Who’s helping you “Dress” that product worth hundreds of thousands of dollars?

Who’s helping you “Dress” that product worth hundreds of thousands of dollars?

Your home is typically your largest asset. You’ve selected an experienced Realtor to price and represent it. Who will assist you in preparing it visually for the marketplace? A staging pro, or someone who’s still practicing?

There are many good articles on the internet on how to select a Real Estate Staging Professional. Here are excerpts from two of my favorites*:

  • Hire a stager with real world experience. Ask to see the stager’s portfolio – either on line or hard copy. If they don’t have one, they may have never done a staging job, or they have never done a good staging job, or they are ineffective at marketing – a very undesirable trait in a home stager.
  • Does the portfolio display a wide range of styles or do all the homes staged look the same? Make sure the stager is capable of staging in a manner that accentuates the architecture of your home and will be attractive to the buyers in your area.
  • Ask if the stager rents furniture from another source or owns the furniture they will be using in your staging project. Make sure that the furniture that they will be using is appropriate to the style of your home and not just what they happen to have in their inventory at that time.
  • Ask the stager if the photos in their portfolio are of jobs they performed themselves, or as part of a class exercise. You want an experienced stager who has lots of jobs under their belt and lots of photos of their work, not someone who has never done a staging job, or has never done a staging job outside of a class environment.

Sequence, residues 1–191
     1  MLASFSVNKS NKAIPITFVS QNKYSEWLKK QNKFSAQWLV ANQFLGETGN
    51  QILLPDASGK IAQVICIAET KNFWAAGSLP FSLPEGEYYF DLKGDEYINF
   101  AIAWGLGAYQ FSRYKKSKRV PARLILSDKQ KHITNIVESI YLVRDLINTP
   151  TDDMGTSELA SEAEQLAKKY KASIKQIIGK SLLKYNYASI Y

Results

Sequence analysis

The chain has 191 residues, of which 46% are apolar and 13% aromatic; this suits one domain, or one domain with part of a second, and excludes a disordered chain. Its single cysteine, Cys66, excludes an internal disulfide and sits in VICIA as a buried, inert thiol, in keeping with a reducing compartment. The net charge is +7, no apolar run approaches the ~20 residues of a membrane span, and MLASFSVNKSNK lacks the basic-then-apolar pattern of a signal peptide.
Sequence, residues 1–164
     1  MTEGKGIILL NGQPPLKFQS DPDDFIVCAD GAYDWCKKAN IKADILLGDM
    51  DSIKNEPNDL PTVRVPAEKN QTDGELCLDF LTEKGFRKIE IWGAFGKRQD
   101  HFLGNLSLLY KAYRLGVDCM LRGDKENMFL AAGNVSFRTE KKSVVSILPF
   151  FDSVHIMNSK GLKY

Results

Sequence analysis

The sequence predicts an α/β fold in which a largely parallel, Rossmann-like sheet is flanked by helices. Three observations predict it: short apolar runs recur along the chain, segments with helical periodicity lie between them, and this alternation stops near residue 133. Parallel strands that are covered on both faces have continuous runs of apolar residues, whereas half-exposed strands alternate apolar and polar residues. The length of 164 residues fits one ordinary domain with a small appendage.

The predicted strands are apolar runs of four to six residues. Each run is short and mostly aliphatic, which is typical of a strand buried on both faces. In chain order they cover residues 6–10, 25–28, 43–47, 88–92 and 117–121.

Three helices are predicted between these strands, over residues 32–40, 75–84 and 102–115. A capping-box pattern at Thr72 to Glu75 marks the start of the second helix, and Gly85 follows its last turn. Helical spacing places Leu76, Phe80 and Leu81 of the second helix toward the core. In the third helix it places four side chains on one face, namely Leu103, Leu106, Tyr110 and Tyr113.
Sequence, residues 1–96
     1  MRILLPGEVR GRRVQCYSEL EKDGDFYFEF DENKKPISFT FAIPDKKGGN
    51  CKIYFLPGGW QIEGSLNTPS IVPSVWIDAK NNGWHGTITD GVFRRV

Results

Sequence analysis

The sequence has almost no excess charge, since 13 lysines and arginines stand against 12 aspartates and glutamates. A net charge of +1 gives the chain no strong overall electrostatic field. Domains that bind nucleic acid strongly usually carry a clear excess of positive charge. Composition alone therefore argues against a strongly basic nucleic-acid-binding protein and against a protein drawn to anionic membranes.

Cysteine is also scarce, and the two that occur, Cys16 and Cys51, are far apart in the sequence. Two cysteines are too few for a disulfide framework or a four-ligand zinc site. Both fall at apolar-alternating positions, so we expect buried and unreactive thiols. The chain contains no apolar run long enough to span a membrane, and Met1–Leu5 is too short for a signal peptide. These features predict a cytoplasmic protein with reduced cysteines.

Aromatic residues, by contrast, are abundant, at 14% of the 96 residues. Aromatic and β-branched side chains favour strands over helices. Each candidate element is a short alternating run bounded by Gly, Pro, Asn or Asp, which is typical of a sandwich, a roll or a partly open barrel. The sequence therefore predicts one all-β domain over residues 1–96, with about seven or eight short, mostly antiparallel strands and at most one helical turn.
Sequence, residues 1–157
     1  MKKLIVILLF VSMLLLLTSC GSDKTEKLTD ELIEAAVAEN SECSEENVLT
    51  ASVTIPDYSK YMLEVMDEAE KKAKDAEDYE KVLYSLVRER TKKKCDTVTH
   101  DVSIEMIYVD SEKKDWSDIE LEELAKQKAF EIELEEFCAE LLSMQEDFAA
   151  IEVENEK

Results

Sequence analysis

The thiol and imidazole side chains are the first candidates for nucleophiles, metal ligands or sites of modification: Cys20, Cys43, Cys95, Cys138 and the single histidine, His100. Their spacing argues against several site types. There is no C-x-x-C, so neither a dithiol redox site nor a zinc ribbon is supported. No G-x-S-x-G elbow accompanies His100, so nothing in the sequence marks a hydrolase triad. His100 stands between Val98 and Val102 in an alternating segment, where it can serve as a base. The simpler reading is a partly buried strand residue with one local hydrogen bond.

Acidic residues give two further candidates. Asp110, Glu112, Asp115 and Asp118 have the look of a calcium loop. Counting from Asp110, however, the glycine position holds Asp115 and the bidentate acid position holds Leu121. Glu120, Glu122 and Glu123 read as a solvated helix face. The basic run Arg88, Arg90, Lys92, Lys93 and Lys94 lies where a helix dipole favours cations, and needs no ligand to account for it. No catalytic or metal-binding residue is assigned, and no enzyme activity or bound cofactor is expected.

• Make sure none of the photos are “stock” photos that they purchased or lifted off of someone else’s web site. All photos in a stager’s portfolio should be of their own work.
  • Ask for references, including phone numbers and/or email addresses. Check those references. Ask the reference if they would hire that stager again.
  • Ask for proof of liability insurance. If the stager is not insured, the homeowner may be liable for any damages or injuries that may occur as a result of the staging.
  • Make sure you are given a clearly written Bid and Staging Agreement and that you understand all aspects of them. If you don’t understand something, or something that you discussed is not in writing, ask for clarification.
  • Do you get a good feeling from meeting the stager? Do they seem well organized? Do they listen to your input? Do they make notes or take photographs? Are they on time to your meeting? Just as in any business relationship, you should expect to be treated with professionalism, courtesy and respect.
  • Remember – YOU GET WHAT YOU PAY FOR. Look for the most qualifed staging professional rather than the cheapest price. (In the words of John Ruskin, 19th century author, critic and philosopher, “There is hardly anything in the world that someone cannot make a little worse and sell a little cheaper, and the people who consider price alone are that person’s lawful prey.”)

*This information is composed of excerpts written by Kym Hough, Staged to Sell Stager – SF Bay area, & Michelle Minch Home Staging – Pasadena & Los Angeles, CA.

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